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Jayden Moore, 7, listened to Rod Carew during a camp Wednesday at Minnetonka High School.

ELIZABETH FLORES • eflores@startribune.com,

Seven-time AL batting champion Rod Carew took the lunch hour to sign autographs during a baseball camp at Minnetonka High School on Wednesday.

Photos by ELIZABETH FLORES • eflores@startribune.com,

Carew cherished each one of his 18 All-Star selections

  • Article by: CHIP SCOGGINS
  • Star Tribune
  • July 11, 2014 - 6:44 AM

Rod Carew remembers feeling so nervous that he barely could control his legs before his first All-Star Game as a 21-year-old Twins rookie in 1967.

The game was played in Anaheim, Calif., but for Carew, it felt like fantasyland because he got to meet and spend time with his two idols, Hank Aaron and Willie Mays.

Carew started at second base and batted second in the lineup, but all he kept thinking was, is this really happening?

“Just wake me up because I’m dreaming,” he said.

That was the first of his 18 consecutive All-Star Game appearances — fifth most in Major League Baseball history. As the Twin Cities prepares to host the annual event, Carew stands as the perfect ambassador for the Twins, having worn their uniform in the All-Star Game in all 12 of his seasons with the organization.

The first one, he said, still ranks above the rest in his memories.

“I wasn’t expected to do well my first year and all of a sudden I’m starting at second base in the All-Star Game,” Carew said. “And to be out there and watching all those greats. Here I am, a kid, thinking about this and wondering, ‘What are you doing here?’ ”

Carew became a fixture in the All-Star Game as he developed into a Hall of Fame player and one of the greatest hitters in major league history. Only Aaron (21 seasons), Mays (20), Stan Musial (20) and Cal Ripken Jr. (19) made an All-Star team more times than Carew.

“Well, the other guys played longer than me,” Carew said, laughing.

The only season Carew didn’t make the All-Star Game came in 1985, his final season. Ironically, that game was held in Minneapolis at the Metrodome.

Injuries forced Carew to miss three All-Star Games: 1970, ’79 and ’82. In his 15 appearances — all as a starter — he batted .244 with two RBI and eight runs scored. He also stole three bases.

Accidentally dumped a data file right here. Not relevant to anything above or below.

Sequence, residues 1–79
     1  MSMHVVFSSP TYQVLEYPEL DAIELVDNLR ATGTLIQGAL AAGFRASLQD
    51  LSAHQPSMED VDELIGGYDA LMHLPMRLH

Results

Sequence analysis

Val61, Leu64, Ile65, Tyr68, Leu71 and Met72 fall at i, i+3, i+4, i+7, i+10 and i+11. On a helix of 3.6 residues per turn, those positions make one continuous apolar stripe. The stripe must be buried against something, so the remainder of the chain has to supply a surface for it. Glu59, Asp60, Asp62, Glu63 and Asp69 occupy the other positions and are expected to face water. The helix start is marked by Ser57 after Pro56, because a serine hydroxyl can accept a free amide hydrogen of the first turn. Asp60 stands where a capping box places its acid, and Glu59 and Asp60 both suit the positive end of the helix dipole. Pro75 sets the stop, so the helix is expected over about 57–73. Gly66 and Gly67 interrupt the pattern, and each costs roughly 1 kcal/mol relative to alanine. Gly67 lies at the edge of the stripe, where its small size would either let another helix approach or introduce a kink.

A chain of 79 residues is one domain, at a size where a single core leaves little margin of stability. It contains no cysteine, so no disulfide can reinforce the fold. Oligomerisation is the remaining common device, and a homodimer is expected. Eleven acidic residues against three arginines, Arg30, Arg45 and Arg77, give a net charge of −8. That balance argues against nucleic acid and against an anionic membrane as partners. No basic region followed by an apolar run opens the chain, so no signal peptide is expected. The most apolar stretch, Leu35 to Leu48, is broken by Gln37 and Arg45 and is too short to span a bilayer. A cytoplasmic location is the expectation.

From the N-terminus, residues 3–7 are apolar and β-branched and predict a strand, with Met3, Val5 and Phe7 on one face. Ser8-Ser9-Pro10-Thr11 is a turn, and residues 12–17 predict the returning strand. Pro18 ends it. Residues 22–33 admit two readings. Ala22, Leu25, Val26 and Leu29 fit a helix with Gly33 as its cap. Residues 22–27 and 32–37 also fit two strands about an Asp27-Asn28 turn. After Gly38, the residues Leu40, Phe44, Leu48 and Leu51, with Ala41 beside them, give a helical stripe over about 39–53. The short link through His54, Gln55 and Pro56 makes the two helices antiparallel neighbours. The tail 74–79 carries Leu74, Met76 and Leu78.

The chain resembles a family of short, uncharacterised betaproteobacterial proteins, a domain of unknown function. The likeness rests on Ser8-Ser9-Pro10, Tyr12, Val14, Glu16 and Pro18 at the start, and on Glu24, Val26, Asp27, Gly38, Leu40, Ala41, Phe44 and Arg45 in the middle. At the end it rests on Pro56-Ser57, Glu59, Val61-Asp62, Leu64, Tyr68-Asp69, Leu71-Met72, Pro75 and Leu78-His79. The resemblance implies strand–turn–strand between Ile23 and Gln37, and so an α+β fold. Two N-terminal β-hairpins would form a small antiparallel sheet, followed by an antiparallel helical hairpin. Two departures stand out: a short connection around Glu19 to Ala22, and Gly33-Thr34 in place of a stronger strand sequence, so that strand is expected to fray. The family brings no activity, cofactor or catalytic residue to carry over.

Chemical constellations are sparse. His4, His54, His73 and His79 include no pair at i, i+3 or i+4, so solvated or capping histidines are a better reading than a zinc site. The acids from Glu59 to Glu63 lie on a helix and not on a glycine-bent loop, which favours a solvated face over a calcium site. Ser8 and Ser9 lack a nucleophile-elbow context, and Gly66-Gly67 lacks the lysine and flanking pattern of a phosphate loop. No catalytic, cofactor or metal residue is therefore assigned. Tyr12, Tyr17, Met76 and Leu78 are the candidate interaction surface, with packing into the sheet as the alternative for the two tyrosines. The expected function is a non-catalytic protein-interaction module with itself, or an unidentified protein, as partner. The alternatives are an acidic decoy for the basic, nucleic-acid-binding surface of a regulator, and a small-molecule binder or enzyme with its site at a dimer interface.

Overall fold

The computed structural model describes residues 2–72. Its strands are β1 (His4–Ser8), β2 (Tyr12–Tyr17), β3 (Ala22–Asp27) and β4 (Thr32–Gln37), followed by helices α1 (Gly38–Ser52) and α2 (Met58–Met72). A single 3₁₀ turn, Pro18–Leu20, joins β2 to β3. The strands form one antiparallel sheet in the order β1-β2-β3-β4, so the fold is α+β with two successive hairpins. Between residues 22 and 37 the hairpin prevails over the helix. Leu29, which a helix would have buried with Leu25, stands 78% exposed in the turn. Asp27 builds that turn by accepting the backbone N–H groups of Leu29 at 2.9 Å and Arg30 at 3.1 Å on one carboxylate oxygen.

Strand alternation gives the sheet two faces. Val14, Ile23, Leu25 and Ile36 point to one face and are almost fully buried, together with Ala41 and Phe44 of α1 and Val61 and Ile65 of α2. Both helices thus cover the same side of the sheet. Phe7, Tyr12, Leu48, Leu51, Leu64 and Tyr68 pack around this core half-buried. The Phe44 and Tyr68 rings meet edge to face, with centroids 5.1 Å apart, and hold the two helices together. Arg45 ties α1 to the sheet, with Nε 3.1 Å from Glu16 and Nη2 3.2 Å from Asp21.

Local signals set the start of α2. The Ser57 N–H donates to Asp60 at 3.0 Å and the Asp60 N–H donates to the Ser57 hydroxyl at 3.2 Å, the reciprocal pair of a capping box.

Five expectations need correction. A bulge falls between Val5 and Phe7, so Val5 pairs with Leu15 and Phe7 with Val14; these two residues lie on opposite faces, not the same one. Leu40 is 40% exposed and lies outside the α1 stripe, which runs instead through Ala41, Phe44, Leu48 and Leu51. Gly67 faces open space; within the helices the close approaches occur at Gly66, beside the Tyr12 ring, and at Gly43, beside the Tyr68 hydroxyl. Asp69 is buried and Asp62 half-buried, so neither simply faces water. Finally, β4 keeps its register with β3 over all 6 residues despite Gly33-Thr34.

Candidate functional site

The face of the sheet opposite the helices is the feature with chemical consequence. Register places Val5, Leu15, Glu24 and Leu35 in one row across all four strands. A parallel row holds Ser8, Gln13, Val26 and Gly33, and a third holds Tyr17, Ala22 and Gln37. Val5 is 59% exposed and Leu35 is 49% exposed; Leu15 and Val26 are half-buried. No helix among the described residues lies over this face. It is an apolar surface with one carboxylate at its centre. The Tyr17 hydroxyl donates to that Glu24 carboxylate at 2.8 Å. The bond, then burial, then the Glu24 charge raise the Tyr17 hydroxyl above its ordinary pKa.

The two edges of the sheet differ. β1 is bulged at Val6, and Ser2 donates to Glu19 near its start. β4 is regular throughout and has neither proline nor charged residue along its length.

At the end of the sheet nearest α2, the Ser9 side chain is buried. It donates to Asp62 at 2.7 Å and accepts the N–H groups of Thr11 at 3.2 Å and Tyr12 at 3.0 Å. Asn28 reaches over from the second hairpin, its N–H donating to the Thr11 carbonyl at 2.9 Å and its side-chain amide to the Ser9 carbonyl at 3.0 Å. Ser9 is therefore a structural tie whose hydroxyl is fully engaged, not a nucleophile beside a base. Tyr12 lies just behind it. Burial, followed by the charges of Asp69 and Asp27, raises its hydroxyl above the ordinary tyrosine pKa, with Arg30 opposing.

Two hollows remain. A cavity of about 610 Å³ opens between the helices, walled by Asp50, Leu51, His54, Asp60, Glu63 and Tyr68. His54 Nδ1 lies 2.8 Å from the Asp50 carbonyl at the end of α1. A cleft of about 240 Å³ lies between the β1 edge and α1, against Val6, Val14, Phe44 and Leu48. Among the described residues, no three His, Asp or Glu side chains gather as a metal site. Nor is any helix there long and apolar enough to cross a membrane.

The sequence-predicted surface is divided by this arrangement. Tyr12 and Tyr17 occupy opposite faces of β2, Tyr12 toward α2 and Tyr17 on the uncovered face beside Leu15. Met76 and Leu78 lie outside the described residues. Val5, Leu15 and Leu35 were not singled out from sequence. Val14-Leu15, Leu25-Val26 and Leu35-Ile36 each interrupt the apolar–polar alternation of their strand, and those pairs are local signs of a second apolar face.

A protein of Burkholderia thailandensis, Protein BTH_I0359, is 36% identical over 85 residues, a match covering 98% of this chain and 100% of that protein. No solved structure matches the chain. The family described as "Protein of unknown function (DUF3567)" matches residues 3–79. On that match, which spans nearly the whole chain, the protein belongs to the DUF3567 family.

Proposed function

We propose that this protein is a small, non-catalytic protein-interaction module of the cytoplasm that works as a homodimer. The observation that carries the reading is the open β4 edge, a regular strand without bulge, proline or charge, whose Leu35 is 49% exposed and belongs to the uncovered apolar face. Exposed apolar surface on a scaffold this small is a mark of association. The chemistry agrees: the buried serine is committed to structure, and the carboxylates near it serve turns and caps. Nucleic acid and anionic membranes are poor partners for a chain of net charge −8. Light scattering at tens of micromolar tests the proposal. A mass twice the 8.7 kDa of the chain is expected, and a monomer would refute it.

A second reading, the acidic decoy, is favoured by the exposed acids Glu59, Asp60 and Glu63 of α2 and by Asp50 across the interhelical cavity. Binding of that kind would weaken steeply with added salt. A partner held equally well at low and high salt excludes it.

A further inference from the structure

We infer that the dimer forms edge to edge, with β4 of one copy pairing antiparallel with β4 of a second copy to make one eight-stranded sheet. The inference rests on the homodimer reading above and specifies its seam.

To appreciate the longevity of his success, consider: His first All-Star at-bat came against Juan Marichal in ’67. He faced Fernando Valenzuela in his final All-Star plate appearance in 1984. That’s two generations of pitchers.

That’s why the All-Star Game, even in his 18th trip, never became routine, Carew said.

“Because you never know when you’re going to make another one,” he said. “Every one that you make, you go and enjoy it and appreciate that fans take the time to vote for you.”

Carew experienced his share of highlights along the way. In the 1978 game, he hit triples in his first two at-bats. He heard National League third baseman Pete Rose yelling something as he slid into third on the second one.

“After I got up, I said, ‘What’s up Pete,’ ” Carew recalled. “He said, ‘Nobody’s ever hit two triples in an All-Star Game. You’re the only one.’ ”

Carew faced a few future Hall of Fame pitchers in his All-Star appearances, including Marichal, Don Drysdale, Bob Gibson, Don Sutton and Steve Carlton. He put Carlton at the top of list.

“I would say Steve Carlton because Lefty was nasty,” he said. “Facing him from the left side, yeah, he was nasty. Wow.”

Ahead of Gibson?

“Gibby was just downright mean,” Carew said. “That’s why he had so much success. He didn’t believe in being friendly. As a player, you can appreciate that.”

In 1980, Carew stole second base on future Hall of Fame catcher Johnny Bench — one of the best defensive catchers ever — with flame-thrower J.R. Richard on the mound.

“It’s all about getting the jump,” Carew said. “You don’t have to be fast. I tell kids [to] watch pitchers, watch catchers. They both have weaknesses. If you can exploit those weaknesses, you can get away with it.”

Beyond his personal memories, Carew remembers how serious his peers treated the All-Star Game back then. Nobody, he said, viewed that game as an exhibition.

“It wasn’t about winning to get home-field advantage [for the World Series],” he said. “It was about winning to kick the National League’s fanny. We had meetings before the All-Star Game. The president of the American League [said], ‘Let’s go, we’ve got to beat those guys. That’s why we’re here.’ It was a game that we wanted to win.”



 

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